Fields v. Freedom Industries, Inc. et al, No. 2:2014cv14848 - Document 3 (S.D.W. Va. 2015)

Court Description: MEMORANDUM OPINION AND ORDER the court concludes that the relationship of plaintiffs claims against WV American to the Freedom bankruptcy is too attenuated to constitute related to jurisdiction under Section 1334(b). The court is thus not vested wit h subject matter jurisdiction over those actions and will, by companion order entered contemporaneously herewith, remand those actions as and to the extent set forth therein. Signed by Judge John T. Copenhaver, Jr. on 12/17/2015. (cc: attys; any unrepresented parties, along with Mark E. Freedlander, Esq., McGuireWoods LLP, 625 Liberty Avenue, 23rd Floor, Pittsburgh, PA 15222; U.S. Bankruptcy Court)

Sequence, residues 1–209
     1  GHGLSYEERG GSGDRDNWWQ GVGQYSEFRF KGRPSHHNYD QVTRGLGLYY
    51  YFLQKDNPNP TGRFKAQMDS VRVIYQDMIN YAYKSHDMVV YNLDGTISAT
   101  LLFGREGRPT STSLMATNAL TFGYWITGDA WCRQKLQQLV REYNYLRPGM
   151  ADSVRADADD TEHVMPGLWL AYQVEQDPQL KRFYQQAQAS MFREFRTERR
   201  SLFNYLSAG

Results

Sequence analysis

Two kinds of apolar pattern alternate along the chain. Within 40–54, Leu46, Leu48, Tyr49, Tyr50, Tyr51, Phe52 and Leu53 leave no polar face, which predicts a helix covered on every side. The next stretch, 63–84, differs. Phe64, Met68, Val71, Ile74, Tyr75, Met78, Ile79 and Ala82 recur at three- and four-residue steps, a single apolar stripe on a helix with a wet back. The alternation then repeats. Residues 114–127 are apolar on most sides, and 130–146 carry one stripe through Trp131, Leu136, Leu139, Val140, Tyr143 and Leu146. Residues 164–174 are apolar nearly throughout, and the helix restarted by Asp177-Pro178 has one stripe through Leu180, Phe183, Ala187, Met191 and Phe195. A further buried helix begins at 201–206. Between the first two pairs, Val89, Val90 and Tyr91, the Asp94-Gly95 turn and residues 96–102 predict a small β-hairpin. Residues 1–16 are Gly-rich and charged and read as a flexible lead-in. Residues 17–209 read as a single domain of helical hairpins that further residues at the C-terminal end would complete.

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Fields v. Freedom Industries, Inc. et al Doc. 3 UNITED STATES DISTRICT COURT SOUTHERN DISTRICT OF WEST VIRGINIA AT CHARLESTON DESIMONE HOSPITALITY SERVICES, LLC, Plaintiff, v. Lead Civil Action No.: 2:14-14845 WEST VIRGINIA-AMERICAN WATER COMPANY, Defendant. MEMORANDUM OPINION AND ORDER Pending is plaintiffs’ consolidated objection to removal and for remand, filed May 30, 2014. I. Freedom Industries, Inc. (“Freedom”) is a West Virginia corporation engaged primarily in the production of specialty chemicals for the mining, steel, and cement industries. It is also a leading supplier of freeze conditioning agents, dust control palliatives, flotation reagents, water treatment polymers, and other specialty chemicals. Dockets.Justia.com On January 9, 2014, approximately 300,000 residents in the Charleston and surrounding areas suffered an interruption in their water supply. The interruption was caused by a spill into the Elk River of a coal processing chemical mixture sold and distributed exclusively by Eastman Chemical Company. The mixture was at the time being stored in a facility owned and operated by Freedom Industries, Inc. (“Freedom”). The chemical that leaked, 4-methylcyclohexane methanol, along with other chemicals, is commonly referred to as “Crude MCHM.” Crude MCHM infiltrated the water treatment plant in Charleston operated by West Virginia American Water (“WV American”). On January 17, 2014 (“Petition Date”), Freedom petitioned in this district for relief under Chapter 11 of title 11 of the United States Code. On the Petition Date, approximately twenty-eight (28) lawsuits naming Freedom as a defendant were pending in state and federal district court. A host of additional tort actions were thereafter filed in state and federal court against Freedom, WV American and other defendants. There are also approximately 3,800 spill-related claims filed in the main bankruptcy case, totaling roughly $76,000,000. The spill claims include the contingent unliquidated inchoate contribution claims filed by WV American and its accompanying claim for over $1 million in 2 property damage and associated expenses incurred to replace the granular activated carbon media in its 16 water treatment filters. The factual allegations in the aforementioned civil actions arise from the chemical spill. All parties appear to agree that the consolidated cases in this action harbor claims that consist of one or more of four categories as follows: (a) physical personal injury tort claims, such as bodily injury, emotional distress and/or requests for medical monitoring to detect bodily injury in the future; (b) non-physical personal injury tort claims, such as annoyance, loss of enjoyment, nuisance and inconvenience; (c) property-related claims, such as trespass, property damage, and loss of use of property; and (d) financial claims, such as lost income or loss-of-business claims. On February 21 and 22, 2014, Freedom removed the consolidated actions in which it was named a defendant. On February 24, 2014, WV American did likewise in actions in which it was named but Freedom was not. These two removals resulted in 57 cases being referred to the bankruptcy court. The basis for the removals was that the actions were putatively “related to” Freedom’s bankruptcy proceeding pursuant to 28 U.S.C. §§ 1334 and 1452 and Local Bankruptcy Rule 9027-1. 3 On April 16, 2014, the court withdrew on a limited basis the references of the consolidated cases. On April 18, 2014, the court formalized the consolidation for purposes of briefing and resolving the motions to remand that pend therein. The case of Desimone Hospitality Services v. West Virginia American Water Company, civil action 2:14-14845, was designated as the lead case. Respecting the Chapter 11 proceeding, approximately 80 claims were filed in the main bankruptcy case that do not relate to the chemical spill. They total approximately $7,500,000. Additionally, one secured claim in the approximate amount of $500,000 exists, along with estimated priority claims of $450,000. The West Virginia Department of Environmental Protection (“WVDEP”) asserts an unliquidated administrative expense claim, and several bankruptcy court approved professionals assert administrative claims for fees and expenses incurred in the Freedom bankruptcy case. Freedom maintained two insurance policies that provided potential coverage for the chemical spill. Both policies were issued by AIG Specialty Co. or its affiliated entities (“AIG”). A dispute developed between Freedom and AIG concerning the extent of coverage. 4 On March 29, 2015, the bankruptcy court approved a settlement, over objection by Gary Southern, requiring that $2.9 million in proceeds from the insurance policies be used only for the purpose of paying liabilities from or related to the chemical spill and related costs. Both Mr. Southern and Freedom appealed the order. These appeals have since been dismissed by agreement. On April 3, 2015, the bankruptcy court granted reconsideration of the March 29, 2015, order to clarify that the WVDEP would be entitled to priority status with respect to Freedom's environmental obligations arising from the chemical spill. On August 7, 2015, Freedom filed a second amended plan of liquidation, disclosure statement and summary, aimed at incorporating revisions directed by the bankruptcy court on July 28, 2015. On August 12, 2015, Freedom filed a third amended disclosure statement and plan of liquidation. On August 26, 2015, the bankruptcy court approved the third amended disclosure statement. The August 12, 2015, proposals reflected multiple settlements enabling the Freedom estate to distribute approximately $6.1 million to its creditors. The failure of any single settlement would produce infeasibility. The funding sources for the plan are as follows: (1) the approximately $2,720,000 of funds remaining in the escrow accounts established 5 in connection with the acquisition of Freedom by a company called Chemstream, (2) the proceeds of a settlement with Gary Southern (totaling $300,000); and (3) the proceeds of the AIG settlement ($3,280,490.87). Chemstream has since made, inter alia, a contribution of $1,100,000 to the Freedom estate to fund the actual costs of remediating a Freedom site known as the Etowah River Terminal. The major bankruptcy case constituents supported the third amended plan. Claims will be treated as follows: Class 3 — Trade Claims. Trade claims will receive a pro rata share of $350,000 cash on the plan effective date, plus 50% of any amounts recovered through estate causes of action. Class 4 — Convenience Chemical Spill Claims. All claimants holding allowed proofs of claims for chemical spill damages below $3,000 are referred to as “Convenience Spill Claims.” Allowed Convenience Spill Claims are entitled to a pro rata share of $500,000 to be paid as soon as practicable after the plan effective date. Class 5 — Spill Claims. All allowed Chemical Spill claims, other than Convenience Spill Claims, will 6 receive a pro rata share of $1,470,983, plus 50% of any amounts recovered through estate causes of action. Claims administrators and a Spill Claim Oversight Committee will determine how funds will be used or distributed. Distributions will not be made to Class 5 claimants until their claims have been estimated. On October 6, 2015, the bankruptcy court approved the plan. None of the plaintiffs’ claims, WV American’s contribution claims, or WV American’s claim for damages to its filters have been allowed, compromised, objected to, disallowed or estimated. It is anticipated that, post-confirmation, the claims administrators may attempt to settle all claims or object to any improper or inflated claims. The process could take months. All non-Convenience Spill Claims filed by the plaintiffs in the chemical spill lawsuits fall into Class 5, as do WV American’s filter damage and inchoate contribution claims. No claims in Class 5 have been disallowed, compromised, or allowed but apparently remain subject to the claims resolution process. There are no claims against Freedom expected to pass through the main bankruptcy case. Nothing in the plan documents diminishes or stays the rights of any party to seek to allocate 7 or apportion liability against Freedom in any lawsuit or to claim a verdict credit for any sums paid by Freedom to a holder of a Chemical Spill Claim. It is expected that there will be objections to WV American’s contribution claims, which will need to be resolved before any significant distribution to Class 5 claimants. WV American is expected to contend that those contribution claims cannot be resolved until a resolution of the Desimone cases and the Good class action pending in this court. Plaintiffs intend to seek disallowance of WV American’s contribution claim. II. A. Subject Matter Jurisdiction 28 U.S.C. § 1334(b) provides that “the district courts shall have original but not exclusive jurisdiction of all civil proceedings arising under title 11, or arising in or related to cases under title 11.” 28 U.S.C. § 1452(a), a venue statute, provides further as follows: A party may remove any claim or cause of action in a civil action . . . to the district court for the district where such civil action is pending, if such district court has jurisdiction of such claim or cause of action under section 1334 of this title. 28 U.S.C. § 1452(a). 8 The defendant contends that removal of these cases was proper inasmuch as each case is “related to” a case under title 11, namely, the Freedom bankruptcy. Plaintiffs concede those cases in which Freedom is a party defendant qualify as “related to” cases. They challenge that same basis, however, for exercising removal jurisdiction over cases naming only WV American as a defendant. They assert that the contingent, inchoate contribution claims alleged by WV American, which are the subject of the claims process in the Freedom bankruptcy, are insufficient to support “related to” jurisdiction. A review of the relevant cases shows that courts considering the scope of “related to” jurisdiction over actions against non-debtors, such as WV American, have, for the most part, limited it to the following circumstances: 1. Where the non-debtor defendant has joined the debtor in bankruptcy as a third party defendant in the action. See, e.g., Pacor, Inc. v. Higgins, 743 F.2d 984 (3rd Cir. 1984), overruled in part on other grounds by Things Remembered, Inc. v. Petrarca, 516 U.S. 124, 124-25 (1995). 2. Where the non-debtor defendant has a contractual indemnity agreement with the debtor 9 in bankruptcy under which the debtor’s liability is deemed automatic. See, e.g., In re Celotex Corp., 124 F.3d 619 (4th Cir. 1997). WV American’s inchoate contribution claims against Freedom do not fall into either of these categories. The leading case on “related to” jurisdiction is Pacor, Inc. v. Higgins. In Pacor, the Third Circuit first noted that the “usual articulation of the test for determining whether a civil proceeding is related to bankruptcy is whether the outcome of that proceeding could conceivably have any effect on the estate being administered in bankruptcy.” (emphasis in original) (citations omitted). 743 F.2d at 994 The court then expanded on this traditional conceivability test, declaring that “[a]n action is related to bankruptcy if the outcome could alter the debtor's rights, liabilities, options, or freedom of action (either positively or negatively) and which in any way impacts upon the handling and administration of the bankrupt estate.” Id. Applying this standard, the Pacor court held that a suit against a non-debtor was not “related to” a bankruptcy where “it is a mere precursor to the potential third party claim for indemnification” against the debtor and “would in no way bind [the debtor]” who “would still be able to relitigate any issue, 10 or adopt any position, in response to a subsequent claim” by the non-debtor. Id. at 995. The Supreme Court endorsed the Pacor standard for relatedness jurisdiction in Celotex Corp. v. Edwards, approving both the Third Circuit’s articulation of the comprehensive scope of bankruptcy jurisdiction and its acknowledgement that “a bankruptcy court’s ‘related to’ jurisdiction cannot be limitless.” 514 U.S. 300, 308 (1995) (citations omitted). Court also observed that: The First, Fourth, Fifth, Sixth, Eighth, Ninth, Tenth, and Eleventh Circuits have adopted the Pacor test with little or no variation. See In re G.S.F. Corp., 938 F.2d 1467, 1475 (CA1 1991); A.H. Robins Co. v. Piccinin, 788 F.2d 994, 1002, n. 11 (CA4), cert. denied, 479 U.S. 876, 107 S.Ct. 251, 93 L.Ed.2d 177 (1986); In re Wood, 825 F.2d 90, 93 (CA5 1987); Robinson v. Michigan Consol. Gas Co., 918 F.2d 579, 583-584 (CA6 1990); In re Dogpatch U.S.A., Inc., 810 F.2d 782, 786 (CA8 1987); In re Fietz, 852 F.2d 455, 457 (CA9 1988); In re Gardner, 913 F.2d 1515, 1518 (CA10 1990); In re Lemco Gypsum, Inc., 910 F.2d 784, 788, and n. 19 (CA11 1990). The Second and Seventh Circuits, on the other hand, seem to have adopted a slightly different test. See In re Turner, 724 F.2d 338, 341 (CA2 1983); In re Xonics, Inc., 813 F.2d 127, 131 (CA7 1987); Home Ins. Co. v. Cooper & Cooper, Ltd., 889 F.2d 746, 749 (CA7 1989). But whatever test is used, these cases make clear that bankruptcy courts have no jurisdiction over proceedings that have no effect on the estate of the debtor. 514 U.S. 300, 308 n. 6 (emphasis added). 11 The In the intervening years, the Fourth Circuit has affirmed the Pacor standard. See New Horizon of N.Y. LLC v. Jacobs, 231 F.3d 143, 151 (4th Cir. 2000); In re Celotex Corp., 124 F.3d at 626-27 (confirming that the Fourth Circuit “adopted the Third Circuit’s test for determining the existence of ‘related to’ jurisdiction” and applying “the Pacor test”). too, has the Third Circuit. So, See In re W.R. Grace & Co., 591 F.3d 164, 173 (3rd Cir. 2009) (“Indeed, we have stated and restated that, in order for a bankruptcy court to have relatedto jurisdiction to enjoin a lawsuit, that lawsuit must ‘affect the bankruptcy [ ] without the intervention of yet another lawsuit.’”) (quoting In re Federal-Mogul Global, Inc., 300 F.3d at 382). In Pacor itself, the Third Circuit acknowledged the importance of a contractual basis for indemnity to support “related to” jurisdiction. Noting that a judgment against the potential indemnitee there, where there was no contractual indemnity, “could not give rise to any automatic liability on the part of the estate” without an intervening lawsuit, the Pacor court held the lower court lacked jurisdiction. In doing so, the Third Circuit distinguished its decision from an earlier case, In Re Brentano's, in which the Southern District of New York had found “related to” jurisdiction based on a contractual 12 indemnity agreement. See Pacor, 743 F.2d at 995 (discussing In Re Brentano’s, 27 B.R. 90 (S.D.N.Y.1983)); see also A.H. Robins Co. v. Piccinin, 788 F.2d 994, 1000 (4th Cir. 1986) (observing that “[t]he clear implication of [Pacor] is that, if there had been a contract to indemnify, a contrary result would have been in order”). While the Fourth Circuit has also found “related to” jurisdiction based on indemnification, the presence of a contractual obligation of indemnity was decisive to that finding. See In re Celotex Corp., 124 F.3d at 627.1 The defendant urges the court to find jurisdiction based on a broad reading of the scope of “related to” jurisdiction, relying on In re Dow Corning Corp., a case in which the Sixth Circuit adopted a broad interpretation of “related to” jurisdiction. 1996) (“Dow Corning”). See 86 F.3d 482, 493-94 (6th Cir. In that case, the court held that even “contingent claims” for contribution or indemnification could conceivably impact Dow Corning’s bankruptcy, giving rise to “related to” jurisdiction. Id. The case involved mass tort claims over silicone breast implants produced by Dow Corning and the non-debtor defendants. Because the “nature of the claims asserted establishe[d] that Dow Corning and the various 1 The Fourth Circuit’s In re Celotex Corp. decision is unrelated to the above-quoted Supreme Court case involving the same entity. 13 nondebtor defendants [were] closely related with regard to the pending breast implant litigation” and the non-debtor defendants planned to assert claims for contribution and indemnification against Dow Corning, the Sixth Circuit found that together the thousands of claims at issue were “related to” Dow Corning’s bankruptcy. Id. The Dow Corning court explained its reasoning, in part, as follows: Claims for indemnification and contribution, whether asserted against or by Dow Corning, obviously would affect the size of the estate and the length of time the bankruptcy proceedings will be pending, as well as Dow Corning's ability to resolve its liabilities and proceed with reorganization. In addition, we believe there is a qualitative difference between the single suit involved in Pacor and the overwhelming number of cases asserted against Dow Corning and the nondebtor defendants in this case. A single possible claim for indemnification or contribution simply does not represent the same kind of threat to a debtor's reorganization plan as that posed by the thousands of potential indemnification claims at issue here. Id. at 494. No such threat exists here where the Freedom plan that has been confirmed is one of liquidation rather than reorganization. Determining the portion of any recovery by the plaintiffs against WV American that would warrant the allowance of a contribution claim against the bankruptcy estate would require re-litigation of the components of the claim in order to segregate out that for which Freedom may be held responsible. The inability fairly to do so readily explains why West Virginia 14 state law requires that both parties, Freedom and WV American, be joined in the same action so that allocation can therein be made by the trier of fact. See Jennings v. Farmers Mut. Ins. Co., 687 S.E.2d 574, 578 (W. Va. 2009) (“If a tortfeasor is not a part of the litigation — whether because of a settlement or because the tortfeasor was not sued — our law is clear that no contribution may be had from that tortfeasor”). Such joinder also allows segregation of those claims affecting only one of the two. Claims that WV American provided adulterated water in violation of consumer protection laws or that WV American negligently failed to take steps such as planning for an alternative water supply in the event of a chemical spill are distinct from claims against Freedom for the spill itself and require proof of a separate set of facts and a separate finding as to liability. While the Dow Corning court was “[c]ognizant of the fact that ‘related to’ jurisdiction cannot be limitless,” id., it does not address where those limits lie.2 2 An expansive Referencing Dow Corning’s “pragmatic” approach, at least one other court has recently addressed “related to” jurisdiction based on contribution claims. See In re New England Compounding Pharm., Inc. Prods. Liab. Litig. 496 B.R. 256 (D. Mass. 2013). The court began its analysis by finding that “related to” jurisdiction existed, as indeed it does, over two categories of cases; that is, cases in state and federal court in which (1) the debtor or its affiliates had been sued or (2) non-debtor 15 approach is not consistent with Pacor or Fourth Circuit authority adopting the Pacor standard. WV American appears to recognize this, insisting in its briefing that the “inchoate” contribution claims it may bring against Freedom are nonetheless not “contingent.” unpersuaded. Defs.’ Mem. In Opp’n ¶ 21. The court is Due to the factual differences between claims against Freedom and those against WV American, the latter’s eventual entitlement to indemnification is indeed contingent. The court concludes that the relationship of plaintiffs’ claims against WV American to the Freedom bankruptcy is too attenuated to constitute “related to” jurisdiction under Section 1334(b). The court is thus not vested with subject matter jurisdiction over those actions and will, by companion order entered contemporaneously herewith, remand those actions as and to the extent set forth therein. B. Abstention Respecting WV American Even if the court were vested with subject matter defendants had asserted third party contribution claims against the debtor. As to a third category, comprised of state court cases in which a claim against the debtor or its affiliates was “possible, but [had] not yet been asserted,” it was merely stated that “the Court will assume the existence of subjectmatter jurisdiction, but will abstain from exercising any such jurisdiction.” 496 B.R. at 269. 16 jurisdiction over claims against WV American, it would necessarily consider abstaining under 28 U.S.C. § 1334(c), which provides as follows: (c)(1) . . . [N]othing in this section prevents a district court in the interest of justice, or in the interest of comity with State courts or respect for State law, from abstaining from hearing a particular proceeding arising under title 11 or arising in or related to a case under title 11. (2) Upon timely motion of a party in a proceeding based upon a State law claim or State law cause of action, related to a case under title 11 but not arising under title 11 or arising in a case under title 11, with respect to which an action could not have been commenced in a court of the United States absent jurisdiction under this section, the district court shall abstain from hearing such proceeding if an action is commenced, and can be timely adjudicated, in a State forum of appropriate jurisdiction. 28 U.S.C. § 1334(c). As the Supreme Court has noted, “the broad grant of jurisdiction conferred by § 1334(b) is subject to a mandatory abstention provision applicable to certain state-law claims.” That is, as earlier noted, § 1334(b), which provides original jurisdiction in the district courts for “related to” claims, is subject to the mandatory abstention provision of § 1334(c)(2) with respect to a state law claim for which diversity or federal question jurisdiction is absent. Marshall, 547 U.S. 293, 309 fn. 6 (2006). Marshall v. Section 1334(c)(2) in turn is qualified by 28 U.S.C. § 157(b)(4), that provides: (4) Non-core proceedings under section 157(b)(2)(B) of title 28, United States Code, shall not be subject to 17 the mandatory abstention provisions of section 1334(c)(2). 28 U.S.C. § 157(b)(4). The referenced subsection, 157(b)(2)(B), provides as follows: (2) Core proceedings include, but are not limited to (B) allowance or disallowance of claims against the estate or exemptions from property of the estate, and estimation of claims or interests for the purposes of confirming a plan under chapter 11, 12, or 13 of title 11 but not the liquidation or estimation of contingent or unliquidated personal injury tort or wrongful death claims against the estate for purposes of distribution in a case under title 11 . . . . 28 U.S.C. § 157(b)(2)(B) (emphasis added). Respecting the claims and cases pending against WV American, some of which are contractual rather than tortious, the analysis begins with section 1334(c)(2). timely moved for remand. First, plaintiffs Second, the claims asserted against WV American rest entirely upon state law related to a case under title 11. Third, the plaintiffs could not have commenced this action in federal court absent § 1334 inasmuch as the parties are not diverse and no federal claims are alleged. Finally, there is no indication that the cases cannot be timely adjudicated in state court. The cases against WV American are subject to mandatory abstention unless they qualify for the personal injury safe harbor found in the in pari materia application of §§ 157(b)(4) 18 and 157(b)(2)(B). An analysis of the statute is thus necessary. There is a split of authority respecting whether the safe harbor reaches a nondebtor third party, such as WV American, as exemplified by the two cases that follow. Compare In re New Eng. Compounding Pharm., Inc. Prods. Liab. Litiq., 496 B.R. 256, 272 (D. Mass. 2013)(stating, “That in light of Congress's motivation for crafting the exception -- that ‘the unpredictable and substantial verdicts that are often produced in personal injury tort and wrongful death claims could have potentially deleterious effects on a debtor's estate,’ and the practical threat posed to the estate by contribution and indemnity claims in this case, the phrase ‘personal injury tort or wrongful death claims against the estate,’ as used in § 157(b)(2)(B), ‘can fairly be read to encompass not only personal injury and wrongful death claims, but also claims for contribution or indemnity that derive from personal injury or wrongful death claims.’”), with Wingate v. Insight Health Corp., No. 7:13-00142, 2013 WL 1951897, at *5 (W.D. Va. May 10, 2013) (stating, “[T]he court abides by the plain language of the statute, finds that Ms. Wingate's claims are not ‘against the estate’ and therefore not subject to § 157's abstentionexception, and grants Ms. Wingate's motion for mandatory abstention.”). 19 The court in New England Compounding acknowledged that “A strict textual reading of the statutes may lead to the conclusion that personal injury and wrongful death claims asserted against non-debtor third parties . . . and not against the bankruptcy estate, are subject to the mandatory abstention provisions of § 1334(c)(2).” Id. at 271. The court ultimately concluded, however, that it was compelled to “interpret the statutory language in the context of . . . [certain] practicalities.” Id. at 272. That approach appears to be untethered from the plain text of the statute. Section 157(b)(2)(B) has limited reach, only grasping “liquidation or estimation of contingent or unliquidated personal injury tort or wrongful death claims against the estate . . . .” Id. (emphasis added). Plaintiffs’ claims against WV American do not qualify for the safe harbor inasmuch as WV American is neither a debtor nor are its assets held in a bankruptcy estate. Accordingly, even if the court could exercise subject matter jurisdiction--which it cannot for the reasons discussed above--it would be required to abstain from doing so over plaintiffs’ claims against WV American. 20 C. Abstention Respecting Freedom The court, cognizant of the automatic stay and the injunction provisions of the confirmed plan and the Code, does not at this time conduct the analysis as to Freedom inasmuch as it appears unnecessary in any event. In plaintiffs’ supplemental reply brief filed April 17, 2015, is found this declaration: [WV American’s] suggestion that remanding this case will result in state court litigation against Freedom is fanciful. The bankruptcy stay remains in effect, no party has moved to lift the stay, and there has been no suggestion that the bankruptcy court would approve such a request. None of the Plaintiffs joining in the consolidated remand motion intend to make such a request should these cases be remanded. The claims against Freedom will be resolved in the Bankruptcy Court – not in litigation in either this Court or State Court. (Pls.’ Supp. Reply at 3). With respect to those cases in which Freedom is named as a party with WV American, the court will, by companion order entered contemporaneously herewith, sever Freedom therefrom and stay any proceedings against that debtor pending the further order of the court, without abstention. In those cases where Freedom alone is named, the court will, by that same order, stay the cases without abstention. Once a discharge order has been entered, the court would then entertain a proposed dismissal of the claims or cases alleged against Freedom. 21 The Clerk is directed to send a copy of this written opinion and order to counsel of record and any unrepresented parties, along with Mark E Freedlander, Esq., McGuireWoods LLP, 625 Liberty Avenue, 23rd Floor, Pittsburgh, PA 15222. DATED: December 17, 2015 Judge John T. Copenhaver, Jr. United States District Judge 22